Christmas is just around the corner, which means it’s time for an annual refresher on the tax exemptions surrounding Christmas gifts, bonuses, and office Christmas parties.
Though these rules apply to all businesses, in this article we are going to focus on how small and medium-sized enterprise (SME) owners should think about these employee benefits in order to maximise the value (and fun) for your employees. Here’s what you need to know to keep your tax liabilities to a minimum.
You do not pay tax on Christmas gifts that are considered to be ‘trivial benefits’. In order to be a trivial benefit, a benefit must cost £50 or less and cannot be a reward for their work or performance. It also cannot be cash or a cash voucher.
Gifts that are not trivial are taxed under Class 1A National Insurance, and if the gift can be resold or exchanged for cash then it may be taxed as earnings.
Please note that if your company provides trivial benefits as part of a salary sacrifice arrangement, then you will report it on form P11D on the salary given up and the worth of the trivial benefits. These rules apply to arrangements made after 6 April 2017.
If you’re a director of a ‘close’ company, meaning a limited company run by five or fewer shareholders, then you cannot receive trivial benefits worth more than £300 in a tax year.
Cash bonuses are always going to be taxed, regardless of their size. Any cash gift you give to an employee will count towards their standard earnings and will be taxable under PAYE tax and Class 1 National Insurance Contributions, along with their other earnings.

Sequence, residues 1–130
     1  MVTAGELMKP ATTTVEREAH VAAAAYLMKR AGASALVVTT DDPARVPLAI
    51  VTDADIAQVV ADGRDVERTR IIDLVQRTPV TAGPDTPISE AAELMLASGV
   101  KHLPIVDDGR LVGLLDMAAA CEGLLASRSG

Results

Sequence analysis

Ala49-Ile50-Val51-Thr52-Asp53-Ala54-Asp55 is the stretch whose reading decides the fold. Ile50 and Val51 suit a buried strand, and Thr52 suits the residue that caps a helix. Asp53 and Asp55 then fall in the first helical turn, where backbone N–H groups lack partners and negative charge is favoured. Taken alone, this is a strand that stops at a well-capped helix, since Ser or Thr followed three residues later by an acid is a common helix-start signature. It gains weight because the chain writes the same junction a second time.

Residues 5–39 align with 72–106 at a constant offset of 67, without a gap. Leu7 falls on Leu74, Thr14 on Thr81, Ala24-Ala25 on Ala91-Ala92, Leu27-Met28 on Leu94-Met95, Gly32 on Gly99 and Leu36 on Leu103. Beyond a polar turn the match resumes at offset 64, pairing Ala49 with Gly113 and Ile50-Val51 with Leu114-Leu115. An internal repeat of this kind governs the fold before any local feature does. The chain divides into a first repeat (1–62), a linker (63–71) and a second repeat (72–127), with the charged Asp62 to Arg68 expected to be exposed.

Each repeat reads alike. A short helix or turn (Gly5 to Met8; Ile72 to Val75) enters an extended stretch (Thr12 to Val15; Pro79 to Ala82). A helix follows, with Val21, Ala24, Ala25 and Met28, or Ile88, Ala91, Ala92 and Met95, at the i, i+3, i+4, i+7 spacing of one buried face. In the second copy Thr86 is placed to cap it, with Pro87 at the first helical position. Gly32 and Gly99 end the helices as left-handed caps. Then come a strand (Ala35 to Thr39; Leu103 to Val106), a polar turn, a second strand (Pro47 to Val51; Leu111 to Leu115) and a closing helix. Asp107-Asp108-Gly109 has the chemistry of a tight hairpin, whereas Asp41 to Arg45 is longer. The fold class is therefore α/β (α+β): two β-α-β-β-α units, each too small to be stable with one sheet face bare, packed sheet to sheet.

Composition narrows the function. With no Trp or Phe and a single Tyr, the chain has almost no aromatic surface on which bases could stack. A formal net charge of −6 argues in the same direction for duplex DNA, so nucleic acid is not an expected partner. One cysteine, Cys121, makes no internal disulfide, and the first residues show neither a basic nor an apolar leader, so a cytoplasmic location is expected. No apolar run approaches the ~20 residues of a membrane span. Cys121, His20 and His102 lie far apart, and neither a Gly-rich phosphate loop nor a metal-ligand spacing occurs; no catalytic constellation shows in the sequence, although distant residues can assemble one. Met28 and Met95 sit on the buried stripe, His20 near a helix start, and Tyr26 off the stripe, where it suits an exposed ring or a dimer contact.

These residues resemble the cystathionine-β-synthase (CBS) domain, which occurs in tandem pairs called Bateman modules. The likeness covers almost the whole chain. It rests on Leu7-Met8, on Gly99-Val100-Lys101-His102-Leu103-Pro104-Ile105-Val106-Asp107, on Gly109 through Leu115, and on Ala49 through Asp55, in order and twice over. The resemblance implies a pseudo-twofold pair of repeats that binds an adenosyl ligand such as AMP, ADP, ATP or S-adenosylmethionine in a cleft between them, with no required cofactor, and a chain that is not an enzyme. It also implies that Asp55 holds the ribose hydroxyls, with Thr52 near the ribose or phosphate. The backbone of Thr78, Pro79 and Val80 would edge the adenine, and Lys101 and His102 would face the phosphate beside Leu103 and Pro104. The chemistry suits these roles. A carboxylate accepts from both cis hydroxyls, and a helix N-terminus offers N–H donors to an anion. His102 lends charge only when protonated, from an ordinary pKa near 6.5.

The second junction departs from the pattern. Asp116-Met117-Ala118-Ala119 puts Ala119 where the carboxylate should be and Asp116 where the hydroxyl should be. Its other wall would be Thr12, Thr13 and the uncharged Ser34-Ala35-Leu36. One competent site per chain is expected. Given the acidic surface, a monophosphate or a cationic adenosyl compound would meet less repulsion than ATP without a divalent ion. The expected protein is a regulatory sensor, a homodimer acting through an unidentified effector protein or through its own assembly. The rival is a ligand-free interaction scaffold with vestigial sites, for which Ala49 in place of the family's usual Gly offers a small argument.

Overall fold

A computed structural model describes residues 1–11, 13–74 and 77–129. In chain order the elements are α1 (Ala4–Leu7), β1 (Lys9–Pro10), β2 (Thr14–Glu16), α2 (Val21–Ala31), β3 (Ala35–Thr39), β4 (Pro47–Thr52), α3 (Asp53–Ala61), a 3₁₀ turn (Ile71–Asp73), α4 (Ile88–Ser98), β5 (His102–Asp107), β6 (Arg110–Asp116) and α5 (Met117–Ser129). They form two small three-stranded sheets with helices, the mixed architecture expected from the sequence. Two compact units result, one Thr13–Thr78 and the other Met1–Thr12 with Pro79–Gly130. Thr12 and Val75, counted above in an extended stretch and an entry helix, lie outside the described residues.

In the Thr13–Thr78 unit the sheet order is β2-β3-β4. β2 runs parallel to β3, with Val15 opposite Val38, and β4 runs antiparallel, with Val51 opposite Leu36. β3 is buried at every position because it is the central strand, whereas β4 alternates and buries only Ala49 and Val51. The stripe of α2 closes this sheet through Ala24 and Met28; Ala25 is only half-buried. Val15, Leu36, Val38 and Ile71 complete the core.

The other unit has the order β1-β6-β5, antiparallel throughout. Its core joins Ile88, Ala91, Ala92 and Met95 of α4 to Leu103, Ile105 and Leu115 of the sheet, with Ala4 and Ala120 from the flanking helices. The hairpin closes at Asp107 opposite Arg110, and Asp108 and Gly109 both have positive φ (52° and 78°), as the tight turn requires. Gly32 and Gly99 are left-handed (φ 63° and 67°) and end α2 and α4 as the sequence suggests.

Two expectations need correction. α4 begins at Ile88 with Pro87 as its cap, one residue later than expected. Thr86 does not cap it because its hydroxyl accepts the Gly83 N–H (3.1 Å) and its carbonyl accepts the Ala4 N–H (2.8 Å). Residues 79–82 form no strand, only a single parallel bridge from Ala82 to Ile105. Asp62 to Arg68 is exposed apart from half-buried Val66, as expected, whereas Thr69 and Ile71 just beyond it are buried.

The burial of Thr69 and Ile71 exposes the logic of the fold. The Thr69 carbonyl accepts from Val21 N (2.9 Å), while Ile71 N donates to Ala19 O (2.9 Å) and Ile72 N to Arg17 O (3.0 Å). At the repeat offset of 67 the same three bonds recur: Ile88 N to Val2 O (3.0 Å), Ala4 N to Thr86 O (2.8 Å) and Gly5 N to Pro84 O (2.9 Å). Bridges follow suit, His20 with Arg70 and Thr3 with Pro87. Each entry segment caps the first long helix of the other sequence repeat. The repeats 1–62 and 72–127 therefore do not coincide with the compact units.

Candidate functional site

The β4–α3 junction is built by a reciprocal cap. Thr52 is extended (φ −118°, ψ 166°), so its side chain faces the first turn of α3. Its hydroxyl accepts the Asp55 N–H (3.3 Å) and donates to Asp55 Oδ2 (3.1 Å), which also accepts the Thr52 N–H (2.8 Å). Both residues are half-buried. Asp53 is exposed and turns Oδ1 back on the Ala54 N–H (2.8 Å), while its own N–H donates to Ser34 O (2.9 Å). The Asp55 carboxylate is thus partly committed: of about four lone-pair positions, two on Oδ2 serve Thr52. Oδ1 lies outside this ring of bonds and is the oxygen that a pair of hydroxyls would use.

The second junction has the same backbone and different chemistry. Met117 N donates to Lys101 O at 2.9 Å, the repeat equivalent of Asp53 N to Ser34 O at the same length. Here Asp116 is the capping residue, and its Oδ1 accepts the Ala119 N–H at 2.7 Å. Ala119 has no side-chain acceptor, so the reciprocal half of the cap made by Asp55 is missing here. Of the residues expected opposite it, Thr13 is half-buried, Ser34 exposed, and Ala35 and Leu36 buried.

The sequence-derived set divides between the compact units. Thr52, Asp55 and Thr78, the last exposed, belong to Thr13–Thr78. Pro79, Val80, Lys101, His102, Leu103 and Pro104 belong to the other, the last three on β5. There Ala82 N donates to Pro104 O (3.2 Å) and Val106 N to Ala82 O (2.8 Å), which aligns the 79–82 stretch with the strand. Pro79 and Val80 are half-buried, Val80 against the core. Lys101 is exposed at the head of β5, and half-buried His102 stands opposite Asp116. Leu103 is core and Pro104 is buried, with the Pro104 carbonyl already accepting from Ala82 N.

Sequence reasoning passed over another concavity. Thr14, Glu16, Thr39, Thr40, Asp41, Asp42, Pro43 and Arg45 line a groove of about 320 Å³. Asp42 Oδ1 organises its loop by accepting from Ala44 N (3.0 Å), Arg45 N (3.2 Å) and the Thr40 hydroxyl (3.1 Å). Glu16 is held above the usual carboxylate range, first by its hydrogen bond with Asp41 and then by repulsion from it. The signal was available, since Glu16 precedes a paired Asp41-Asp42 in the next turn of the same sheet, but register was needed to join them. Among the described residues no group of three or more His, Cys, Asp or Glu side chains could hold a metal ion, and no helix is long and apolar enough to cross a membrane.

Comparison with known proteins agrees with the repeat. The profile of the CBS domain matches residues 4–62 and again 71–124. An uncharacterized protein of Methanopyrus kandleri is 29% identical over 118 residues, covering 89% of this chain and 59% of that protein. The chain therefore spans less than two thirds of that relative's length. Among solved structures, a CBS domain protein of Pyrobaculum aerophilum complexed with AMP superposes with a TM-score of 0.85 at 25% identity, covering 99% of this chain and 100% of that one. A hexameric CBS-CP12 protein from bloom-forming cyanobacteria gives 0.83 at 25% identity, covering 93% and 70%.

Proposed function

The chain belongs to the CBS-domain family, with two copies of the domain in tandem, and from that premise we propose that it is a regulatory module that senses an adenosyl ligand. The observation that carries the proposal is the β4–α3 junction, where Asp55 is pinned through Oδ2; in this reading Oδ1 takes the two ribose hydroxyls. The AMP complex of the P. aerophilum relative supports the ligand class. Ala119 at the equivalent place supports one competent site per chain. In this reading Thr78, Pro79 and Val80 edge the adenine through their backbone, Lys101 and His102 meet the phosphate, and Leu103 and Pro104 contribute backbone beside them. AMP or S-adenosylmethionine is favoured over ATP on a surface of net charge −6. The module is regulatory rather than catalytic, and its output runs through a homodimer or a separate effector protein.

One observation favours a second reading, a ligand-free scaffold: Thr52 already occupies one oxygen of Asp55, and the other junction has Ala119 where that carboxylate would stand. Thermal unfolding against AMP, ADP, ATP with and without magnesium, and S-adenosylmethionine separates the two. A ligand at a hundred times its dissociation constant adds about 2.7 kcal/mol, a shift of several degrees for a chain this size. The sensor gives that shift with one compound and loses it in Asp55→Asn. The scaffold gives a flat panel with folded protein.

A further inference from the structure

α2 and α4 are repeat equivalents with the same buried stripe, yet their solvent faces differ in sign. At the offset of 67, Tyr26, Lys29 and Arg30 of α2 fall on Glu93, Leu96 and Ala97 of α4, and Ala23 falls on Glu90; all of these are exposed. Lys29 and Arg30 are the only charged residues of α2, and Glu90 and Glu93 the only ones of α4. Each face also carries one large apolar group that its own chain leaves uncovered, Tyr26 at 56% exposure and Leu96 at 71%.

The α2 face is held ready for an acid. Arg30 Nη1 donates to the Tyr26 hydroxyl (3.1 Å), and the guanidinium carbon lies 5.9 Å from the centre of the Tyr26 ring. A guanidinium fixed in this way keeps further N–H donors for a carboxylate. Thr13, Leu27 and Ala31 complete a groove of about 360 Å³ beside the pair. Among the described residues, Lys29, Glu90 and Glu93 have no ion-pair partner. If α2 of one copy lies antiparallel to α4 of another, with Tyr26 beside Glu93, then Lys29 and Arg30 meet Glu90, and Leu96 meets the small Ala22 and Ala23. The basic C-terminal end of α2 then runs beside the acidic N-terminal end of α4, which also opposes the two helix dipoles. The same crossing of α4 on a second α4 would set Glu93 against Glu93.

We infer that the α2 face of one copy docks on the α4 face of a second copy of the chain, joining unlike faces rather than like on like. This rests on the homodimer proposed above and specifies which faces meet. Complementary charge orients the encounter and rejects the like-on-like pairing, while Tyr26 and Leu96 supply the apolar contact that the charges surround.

You may also give tangible and intangible items to your employees as a Christmas bonus, but you will need to declare it on your end-of-year tax form (form P11D) and pay class 1A National Insurance Contributions on the value of the benefit.
In order to ensure you keep your tax liabilities to a minimum when hosting a Christmas party for your employees, you’ll need to keep in mind:
- The party must be an annual event, not just a rare occurrence.
- The total cost of all parties you host in a given tax year must not exceed £150 per head, including VAT.
- You can either allocate £150 per head for a grand Christmas party or split the amount across a few parties in a given tax year.
- The amount £150 per head can include food & drink, travel expense, and other party-related items.
- If your annual parties do exceed £150 per head, your employees will have to pay tax on the entire amount, not just the value over £150.
- You must invite every employee working for your business or, for a larger SME, every employee working at a particular location.
Experienced tax accountants
Tax is a complex issue but as professional tax accounts, we’re here to help and provide the most tax efficient way to run your business, from Christmas party allowance to taking the money out of your small business, among other tax-related issues.
Contact us today on 020 8108 0090, or get in touch with us via our contact page to arrange a complimentary, no obligation meeting.
If you found this useful, you might also like: